2048 is entirely client side, which means there is no server to manage. A high level view of the code is below:
- application.js – Launches the game
- game_manager.js – Acts as the main controller
- grid.js – Represents the state of the game board
- tile.js – Represents a single tile object
- html_actuator.js – Deals with the front end and updating the html itself.
- keyboard_input_manager.js – Deals with the input, whether it be keyboard or phone swipes
- local_storage_manager.js – Deals with saving game state.
Great! Let’s take a look. When the game is started, the GameManager constructor takes in the html_actuator, keyboard_input_manager and storage_manager objects as arguments. We do some basic initializing, and then this:
1 2 3 4 5 6 7
Up until then, I had only really dealt with pretty basic DOM events. Click, hover, submit, were dependable and familiar. Wtf is restart?
From the mozilla documentation:
1 2 3 4 5
You can also include data in the events you throw.
1 2 3 4 5
So where does that leave us? Let’s take another look at the 2048 code.
1 2 3 4 5 6 7 8 9 10 11 12 13 14 15 16 17 18 19 20 21 22 23 24 25 26
The “on” method lets us attach callbacks to custom events in the InputManager object. The emit function lets us throw custom events with directional data attached to them.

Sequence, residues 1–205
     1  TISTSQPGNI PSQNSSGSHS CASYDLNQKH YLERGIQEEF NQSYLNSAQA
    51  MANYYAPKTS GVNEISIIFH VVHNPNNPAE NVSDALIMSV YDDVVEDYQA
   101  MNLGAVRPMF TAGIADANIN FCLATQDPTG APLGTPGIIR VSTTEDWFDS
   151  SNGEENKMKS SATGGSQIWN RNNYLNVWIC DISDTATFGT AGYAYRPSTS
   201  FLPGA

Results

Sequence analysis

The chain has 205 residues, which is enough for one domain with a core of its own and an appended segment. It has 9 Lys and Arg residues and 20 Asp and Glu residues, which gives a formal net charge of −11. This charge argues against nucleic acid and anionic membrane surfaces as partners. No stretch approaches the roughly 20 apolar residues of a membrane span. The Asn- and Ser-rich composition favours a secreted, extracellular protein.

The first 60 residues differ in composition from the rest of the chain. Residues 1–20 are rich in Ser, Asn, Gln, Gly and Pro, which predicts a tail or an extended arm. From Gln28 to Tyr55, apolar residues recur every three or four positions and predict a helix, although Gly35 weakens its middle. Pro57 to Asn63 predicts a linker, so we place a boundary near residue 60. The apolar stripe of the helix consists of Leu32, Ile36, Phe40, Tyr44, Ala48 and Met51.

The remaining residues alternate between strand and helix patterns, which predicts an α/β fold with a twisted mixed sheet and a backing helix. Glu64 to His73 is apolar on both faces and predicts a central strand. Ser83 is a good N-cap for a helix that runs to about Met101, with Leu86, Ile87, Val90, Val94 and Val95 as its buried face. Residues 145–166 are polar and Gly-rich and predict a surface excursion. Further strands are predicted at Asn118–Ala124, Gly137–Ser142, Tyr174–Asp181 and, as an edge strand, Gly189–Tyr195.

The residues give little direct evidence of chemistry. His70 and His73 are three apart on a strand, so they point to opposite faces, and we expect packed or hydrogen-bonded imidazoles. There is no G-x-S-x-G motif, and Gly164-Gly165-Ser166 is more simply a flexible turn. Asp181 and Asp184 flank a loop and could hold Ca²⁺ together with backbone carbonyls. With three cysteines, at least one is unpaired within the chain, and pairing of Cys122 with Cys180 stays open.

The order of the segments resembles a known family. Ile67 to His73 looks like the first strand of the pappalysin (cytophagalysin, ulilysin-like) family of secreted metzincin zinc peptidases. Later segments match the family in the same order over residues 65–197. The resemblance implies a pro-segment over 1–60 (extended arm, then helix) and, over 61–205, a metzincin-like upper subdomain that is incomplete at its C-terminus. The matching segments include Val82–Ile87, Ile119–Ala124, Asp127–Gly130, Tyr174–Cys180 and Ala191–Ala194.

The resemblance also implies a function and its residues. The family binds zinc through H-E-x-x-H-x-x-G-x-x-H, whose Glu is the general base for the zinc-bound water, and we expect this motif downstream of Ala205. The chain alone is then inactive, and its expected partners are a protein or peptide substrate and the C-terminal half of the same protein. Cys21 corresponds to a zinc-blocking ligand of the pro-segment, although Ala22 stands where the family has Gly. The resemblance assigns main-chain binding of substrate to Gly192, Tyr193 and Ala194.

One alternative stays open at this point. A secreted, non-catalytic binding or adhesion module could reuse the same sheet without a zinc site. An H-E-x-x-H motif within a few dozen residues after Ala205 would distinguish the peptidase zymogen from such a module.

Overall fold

Let’s go over the steps in order
- I hit the up arrow on the keyboard
- The listen function captures it and “emits” a “move” event with data “up”
- The emit function calls the callback for “move”, which points to the move function in the GameManager.
What about this weird bind thing? Well, the “on” method is defined in the InputManager object, but the callback function, “move”, is defined in the Gamemanager.
We are telling the callback that when it refers to “this”, it should refer to the GameManager, not the InputManager, even though it will be called from the InputManager.
In conclusion, reading through other people’s source code can be both educational and useful. Since I’ve started reading through it, not only have I become a better developer, but it makes playing 2048 itself a lot easier: